The Fitzwilliam Book of Hours, taking its name from its place of preservation, is one of the most unique examples of Flemish illumination. The codex was created in the first quarter of the sixteenth century, around 1510 in the town of Bruges – the place where Flemish art of illumination was born – and with its countless full-page miniatures and profusion of border decorations it is justly considered a beautiful example of Bruges superb production.
Printed Book vs Illuminated Manuscript
Although printed books were starting to become popular, noble patrons would prefer the illuminated manuscript, by means of which they would exhibit their taste and status. Due to this competition, manuscripts' decorations became even more elaborate and splendid, examples of which feature in the Fitzwilliam Book of Hours.
The Fruit of Artistic Collaboration
The artists make use of the traditional trompe l'oeil technique, in addition to new features such as realistic portraiture, and landscape and architecture backdrops. Indeed, the Fitzwilliam Book of Hours is to be considered the fruit of a remarkable collaboration under the direction of the main artist which is known as the painter of Additional 15677.
The other three artists have been identified as the Master of the Dresden Prayer Book, the Master of the Prayer Book of James IV of Scotland, and the Master of St Michael, named after one of the miniatures in the manuscript. Such collaboration would indicate the high status of the commissioner, who unfortunately remains unknown.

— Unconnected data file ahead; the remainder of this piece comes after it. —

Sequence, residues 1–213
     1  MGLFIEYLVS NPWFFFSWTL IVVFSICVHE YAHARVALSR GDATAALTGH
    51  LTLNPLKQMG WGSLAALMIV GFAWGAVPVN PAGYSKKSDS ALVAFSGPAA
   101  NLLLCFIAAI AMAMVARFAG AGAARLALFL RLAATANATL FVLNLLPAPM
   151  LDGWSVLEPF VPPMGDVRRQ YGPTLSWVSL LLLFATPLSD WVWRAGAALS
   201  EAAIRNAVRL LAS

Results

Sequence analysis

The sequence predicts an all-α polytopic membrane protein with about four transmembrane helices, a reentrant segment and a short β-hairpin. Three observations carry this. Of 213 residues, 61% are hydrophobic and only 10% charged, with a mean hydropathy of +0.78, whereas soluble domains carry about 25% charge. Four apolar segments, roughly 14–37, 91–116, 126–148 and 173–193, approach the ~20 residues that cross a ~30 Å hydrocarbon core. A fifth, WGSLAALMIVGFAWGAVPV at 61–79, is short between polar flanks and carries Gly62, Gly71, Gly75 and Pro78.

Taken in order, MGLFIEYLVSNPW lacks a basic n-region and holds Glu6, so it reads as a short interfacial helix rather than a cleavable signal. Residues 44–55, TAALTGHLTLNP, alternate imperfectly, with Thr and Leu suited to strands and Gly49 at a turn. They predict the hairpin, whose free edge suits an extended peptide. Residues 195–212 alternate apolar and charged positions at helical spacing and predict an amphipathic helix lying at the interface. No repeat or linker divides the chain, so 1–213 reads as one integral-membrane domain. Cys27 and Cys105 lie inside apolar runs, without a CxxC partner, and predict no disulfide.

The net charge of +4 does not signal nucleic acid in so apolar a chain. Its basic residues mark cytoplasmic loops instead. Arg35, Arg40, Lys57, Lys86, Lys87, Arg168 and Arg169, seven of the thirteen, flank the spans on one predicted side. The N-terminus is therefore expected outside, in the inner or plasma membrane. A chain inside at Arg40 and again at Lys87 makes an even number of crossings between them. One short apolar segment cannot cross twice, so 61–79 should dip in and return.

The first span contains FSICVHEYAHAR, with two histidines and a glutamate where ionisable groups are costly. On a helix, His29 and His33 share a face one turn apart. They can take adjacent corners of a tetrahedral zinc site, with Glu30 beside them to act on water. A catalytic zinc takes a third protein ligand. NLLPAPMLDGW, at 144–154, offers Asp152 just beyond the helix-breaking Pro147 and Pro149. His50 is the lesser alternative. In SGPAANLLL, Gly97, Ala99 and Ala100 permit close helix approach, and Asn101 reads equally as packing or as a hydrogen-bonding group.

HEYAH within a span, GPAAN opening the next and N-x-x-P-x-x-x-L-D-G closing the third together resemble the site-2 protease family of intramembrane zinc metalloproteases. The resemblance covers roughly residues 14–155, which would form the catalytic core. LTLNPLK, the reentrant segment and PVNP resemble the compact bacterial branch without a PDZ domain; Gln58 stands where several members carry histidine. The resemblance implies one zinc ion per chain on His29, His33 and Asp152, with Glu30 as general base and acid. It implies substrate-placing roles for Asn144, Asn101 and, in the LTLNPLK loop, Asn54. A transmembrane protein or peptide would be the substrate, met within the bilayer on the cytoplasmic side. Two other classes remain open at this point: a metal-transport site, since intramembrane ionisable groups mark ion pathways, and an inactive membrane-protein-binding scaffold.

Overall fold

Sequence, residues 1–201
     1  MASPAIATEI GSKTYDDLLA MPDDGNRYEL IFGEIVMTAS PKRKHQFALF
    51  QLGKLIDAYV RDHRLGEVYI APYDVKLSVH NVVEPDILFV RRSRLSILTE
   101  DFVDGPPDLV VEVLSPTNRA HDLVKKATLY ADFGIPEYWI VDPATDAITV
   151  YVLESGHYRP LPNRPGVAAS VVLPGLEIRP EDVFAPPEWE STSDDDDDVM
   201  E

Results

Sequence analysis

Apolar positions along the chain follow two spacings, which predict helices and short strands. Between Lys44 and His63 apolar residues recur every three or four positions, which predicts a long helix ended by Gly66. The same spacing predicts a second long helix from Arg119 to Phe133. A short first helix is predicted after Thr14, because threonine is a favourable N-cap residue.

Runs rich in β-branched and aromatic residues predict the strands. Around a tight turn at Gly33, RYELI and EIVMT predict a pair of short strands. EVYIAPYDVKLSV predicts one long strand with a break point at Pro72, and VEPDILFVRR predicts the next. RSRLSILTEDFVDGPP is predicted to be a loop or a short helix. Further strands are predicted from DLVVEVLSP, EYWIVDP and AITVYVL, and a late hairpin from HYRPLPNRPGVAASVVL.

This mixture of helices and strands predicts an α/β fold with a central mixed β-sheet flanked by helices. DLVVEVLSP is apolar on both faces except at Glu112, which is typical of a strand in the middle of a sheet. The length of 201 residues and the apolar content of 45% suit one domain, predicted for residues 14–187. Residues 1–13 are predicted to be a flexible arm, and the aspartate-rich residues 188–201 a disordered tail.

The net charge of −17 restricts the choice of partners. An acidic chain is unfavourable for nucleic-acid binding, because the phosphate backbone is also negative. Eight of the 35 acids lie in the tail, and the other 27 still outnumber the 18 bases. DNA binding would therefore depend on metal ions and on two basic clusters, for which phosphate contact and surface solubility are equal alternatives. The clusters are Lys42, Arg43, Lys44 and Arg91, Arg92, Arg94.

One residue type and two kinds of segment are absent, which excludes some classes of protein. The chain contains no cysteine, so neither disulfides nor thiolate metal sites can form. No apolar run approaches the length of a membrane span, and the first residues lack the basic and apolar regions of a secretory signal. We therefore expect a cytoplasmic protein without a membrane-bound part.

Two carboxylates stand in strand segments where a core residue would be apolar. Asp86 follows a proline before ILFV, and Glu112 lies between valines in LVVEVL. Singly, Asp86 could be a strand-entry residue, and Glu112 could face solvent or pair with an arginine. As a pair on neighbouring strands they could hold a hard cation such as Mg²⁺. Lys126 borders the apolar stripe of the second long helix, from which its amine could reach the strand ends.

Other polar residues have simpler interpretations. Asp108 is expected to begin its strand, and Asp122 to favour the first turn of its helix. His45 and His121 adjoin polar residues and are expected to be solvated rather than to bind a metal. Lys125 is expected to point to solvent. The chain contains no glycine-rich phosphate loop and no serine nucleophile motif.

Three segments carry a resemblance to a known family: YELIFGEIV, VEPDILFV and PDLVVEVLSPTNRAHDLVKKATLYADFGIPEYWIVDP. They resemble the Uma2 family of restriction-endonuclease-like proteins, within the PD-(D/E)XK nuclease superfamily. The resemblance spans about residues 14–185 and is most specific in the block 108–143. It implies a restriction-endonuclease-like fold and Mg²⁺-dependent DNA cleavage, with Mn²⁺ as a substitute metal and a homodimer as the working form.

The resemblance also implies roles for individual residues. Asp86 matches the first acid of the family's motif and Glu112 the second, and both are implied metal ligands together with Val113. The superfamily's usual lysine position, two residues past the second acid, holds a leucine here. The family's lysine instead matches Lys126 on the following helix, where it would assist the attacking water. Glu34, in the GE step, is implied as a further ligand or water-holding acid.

Decorative Borders and Their Details
Most of the pages, according to the trompe l'oeil technique, feature insects, flowers and berries, all of which seem literally scattered over the manuscript's page thanks to their painted shadows. The borders are mostly natural but very much varied with wild carnations, roses, butterflies, birds, strawberries etc.
Another decorative element are the decorated initials, many of which can be found on each page, delicately painted with curlicues in white, gold, and red on a shell-gold background.
A Beautiful Example of Gothic Bastarda
The script is an exquisite example of Gothic bastarda, a minuscule bookhand. Originated between France and the Low Countries, this script was widely used in the court of the Duchy of Burgundy, so much that it is also called lettre Bourguignonne. Typical of the script is the uncial d and the double looped s.
Unfortunately, the original binding has not surived with the rest of the manuscript. Currently, the codex features a red velvet binding with clasps, which is considered a nineteenth century's Victorian interpretation of the original one.